“Game.” What does that word mean? Board game. Video game. I was taught a game is one thing and one thing only: entertainment. Its value is found not in edification but rather abnegation, escapism meant to distract from the dullness of day to day life.
Now, I do not think that definition is insulting. Escapism is important. Life is hard, and sometimes a few hours shooting down virtual baddies in Call of Duty can make that life a little easier. No, I do not think it is insulting, but I do think it is inaccurate. Games can, and often do, entertain, but what is stopping them from going further? Why can games not discuss war, suffering or the human condition in the same way a film such as Apocalypse Now or a book such as Heart of Darkness does?
Perhaps games are just not capable of tapping into such profundity. It can certainly seem that way on the surface. After observing a 13 year old playing Grand Theft Auto for a few hours, gunning down hundreds of virtual people for sh*ts and giggles, you may be tempted to conclude that games are not only lacking profundity, but trivialize the human experience.
And it is true in a sense. Games, by their very nature, have to simplify life, breaking complex ideas down into simple objectives with definitive beginnings and ends: do this, do that and then you win. And is the idea of “winning” not problematic in and of itself. Games have winners, but often times life does not. How could a game about the Bosnian War for example, have a winner without severely undercutting the human suffering it hopes to accurately depict? It seems games and the concept of emotional depth are at odds. It seems that way, but it most assuredly is not.
There is a game I guarantee that you have never played because you will not find it in your local Toys R Us, or indeed any store. In fact, only one copy of this game exists in the entire world. It is a table-top board game called Train. The game includes little yellow tokens, meant to represent people, and miniature trains that these tokens can fit inside. The goal of the game is to get all of your tokens aboard your train and to get them to their final destination before your opponents can do the same.
Who these people are and where they are being taken is not immediately revealed to you. But if you succeed in doing all this before the other players—if you “win”– as a reward for your victory, you get to draw a card revealing where your little yellow people ended up. The card you draw has one of several locations printed on it: Belzec, Dachau, Auschwitz. The realization hits hard. The little yellow people? Jews, gypsies, homosexuals and other arbitrarily condemned individuals. Their destination? the certain death of one of Nazi Germany’s infamous concentration camps.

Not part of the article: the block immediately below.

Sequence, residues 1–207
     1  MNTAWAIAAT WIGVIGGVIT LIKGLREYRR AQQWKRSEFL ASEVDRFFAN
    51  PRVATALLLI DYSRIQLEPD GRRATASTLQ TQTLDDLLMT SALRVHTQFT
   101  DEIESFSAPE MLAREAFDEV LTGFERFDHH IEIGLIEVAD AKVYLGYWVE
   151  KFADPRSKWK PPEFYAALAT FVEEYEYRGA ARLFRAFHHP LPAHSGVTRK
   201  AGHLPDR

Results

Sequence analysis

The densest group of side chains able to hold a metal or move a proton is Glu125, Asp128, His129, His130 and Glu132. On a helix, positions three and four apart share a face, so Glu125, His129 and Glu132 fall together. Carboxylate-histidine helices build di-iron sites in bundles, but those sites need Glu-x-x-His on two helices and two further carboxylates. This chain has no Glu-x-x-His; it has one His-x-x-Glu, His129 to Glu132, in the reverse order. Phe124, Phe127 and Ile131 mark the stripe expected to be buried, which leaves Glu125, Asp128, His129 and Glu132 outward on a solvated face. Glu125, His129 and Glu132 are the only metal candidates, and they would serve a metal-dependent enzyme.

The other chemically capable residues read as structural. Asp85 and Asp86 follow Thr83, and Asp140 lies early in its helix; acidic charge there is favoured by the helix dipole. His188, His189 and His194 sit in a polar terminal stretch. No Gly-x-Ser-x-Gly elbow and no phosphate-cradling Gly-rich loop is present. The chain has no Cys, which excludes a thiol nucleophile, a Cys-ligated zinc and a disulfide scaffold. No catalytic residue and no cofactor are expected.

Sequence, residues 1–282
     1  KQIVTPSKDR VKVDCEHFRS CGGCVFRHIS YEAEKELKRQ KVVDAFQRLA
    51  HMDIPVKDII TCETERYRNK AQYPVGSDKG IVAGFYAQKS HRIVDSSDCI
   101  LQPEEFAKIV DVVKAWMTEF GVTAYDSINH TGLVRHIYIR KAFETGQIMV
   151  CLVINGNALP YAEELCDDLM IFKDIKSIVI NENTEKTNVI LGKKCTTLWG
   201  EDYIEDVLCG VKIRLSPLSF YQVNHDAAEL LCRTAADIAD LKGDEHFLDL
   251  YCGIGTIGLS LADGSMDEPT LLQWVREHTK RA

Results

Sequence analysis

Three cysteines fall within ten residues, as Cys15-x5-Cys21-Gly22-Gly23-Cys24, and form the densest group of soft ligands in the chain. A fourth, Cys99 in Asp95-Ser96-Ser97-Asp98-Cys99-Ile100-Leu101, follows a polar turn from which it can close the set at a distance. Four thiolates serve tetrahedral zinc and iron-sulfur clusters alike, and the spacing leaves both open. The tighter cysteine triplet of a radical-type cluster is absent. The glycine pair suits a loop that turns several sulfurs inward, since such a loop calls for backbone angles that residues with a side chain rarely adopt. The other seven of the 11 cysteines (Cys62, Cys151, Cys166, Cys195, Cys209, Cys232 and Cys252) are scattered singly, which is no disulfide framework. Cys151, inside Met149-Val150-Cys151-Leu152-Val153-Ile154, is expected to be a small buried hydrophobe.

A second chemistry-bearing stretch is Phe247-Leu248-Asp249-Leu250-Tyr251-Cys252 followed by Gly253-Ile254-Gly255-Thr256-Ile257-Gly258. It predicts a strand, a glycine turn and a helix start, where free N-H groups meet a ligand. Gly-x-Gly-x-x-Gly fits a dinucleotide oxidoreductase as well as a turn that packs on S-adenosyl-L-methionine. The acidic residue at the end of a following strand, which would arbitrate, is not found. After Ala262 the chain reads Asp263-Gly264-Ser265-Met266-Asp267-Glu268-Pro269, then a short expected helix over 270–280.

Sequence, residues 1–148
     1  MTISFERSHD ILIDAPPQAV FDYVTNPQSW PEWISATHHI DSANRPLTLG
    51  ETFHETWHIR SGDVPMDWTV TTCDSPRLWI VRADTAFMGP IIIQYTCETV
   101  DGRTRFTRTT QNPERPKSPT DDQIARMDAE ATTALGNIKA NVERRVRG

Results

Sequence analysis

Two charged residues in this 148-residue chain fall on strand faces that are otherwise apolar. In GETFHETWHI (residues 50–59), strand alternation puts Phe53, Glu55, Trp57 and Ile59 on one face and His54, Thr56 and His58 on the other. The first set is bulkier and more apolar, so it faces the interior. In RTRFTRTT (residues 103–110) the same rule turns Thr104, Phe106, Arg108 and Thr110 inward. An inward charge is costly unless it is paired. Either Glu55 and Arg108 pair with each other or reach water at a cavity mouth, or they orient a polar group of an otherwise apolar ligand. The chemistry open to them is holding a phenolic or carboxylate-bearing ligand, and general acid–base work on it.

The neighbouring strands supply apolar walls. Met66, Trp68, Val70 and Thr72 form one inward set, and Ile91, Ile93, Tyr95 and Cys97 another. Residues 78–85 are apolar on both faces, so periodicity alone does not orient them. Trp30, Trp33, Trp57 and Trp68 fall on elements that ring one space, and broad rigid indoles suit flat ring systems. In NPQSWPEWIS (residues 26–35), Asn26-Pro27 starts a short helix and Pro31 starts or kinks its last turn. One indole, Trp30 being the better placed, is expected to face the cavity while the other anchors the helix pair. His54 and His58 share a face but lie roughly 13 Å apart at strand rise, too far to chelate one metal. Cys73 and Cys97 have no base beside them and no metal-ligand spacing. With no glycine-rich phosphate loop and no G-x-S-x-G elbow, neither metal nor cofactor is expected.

I imagine a certain number of people will react to my description of this very real game with understandable indignation. Turning the holocaust into a severely twisted variant of Candy Land seems to be in the very highest echelon of bad taste, but please bear with me.
Imagine you have just beaten this game and are celebrating your victory, perhaps even rubbing it in faces of the other players. But then you draw that fateful card and realize what your “victory” actually means. It is doubtful you would continue to find pride in or take responsibility for being the most efficient purveyor of death in the group. You would come up with any number of excuses or rationalizations: “I didn’t know what I was actually doing.” “Those were the rules of game.” “I was only following orders.”
“Only following orders,” the infamous refrain of the Nuremberg trials. Countless Nazis defended their atrocities by claiming they were just obeying orders. I—and I would wager many others—find that excuse pathetic at best, disgusting at worst. And yet, I am sure you, as the unfortunate victor of that game of Train, would beg to differ.
Train is brilliant because it forces the player to learn the most important lesson we should take away from World War II: given the proper context and motivation, we as human beings can be enticed into doing just about anything. Train demonstrates to us that the men and women who perpetrated these crimes—while far from innocent—were not monsters; they were humans, just like ourselves. And as humans, we are no less vulnerable to the kind of social conditioning that made such crimes possible. Train, despite appearances, is an expertly delivered warning, not a callous bastardization of the greatest tragedy in human history.
It is a profound message, but more importantly, it is a message that cannot be replicated by any other medium. You cannot read or watch it. It is something you have to actively participate in. In other words, it a lesson only a game can teach. So yes, games can entertain, but they are capable of much, much more.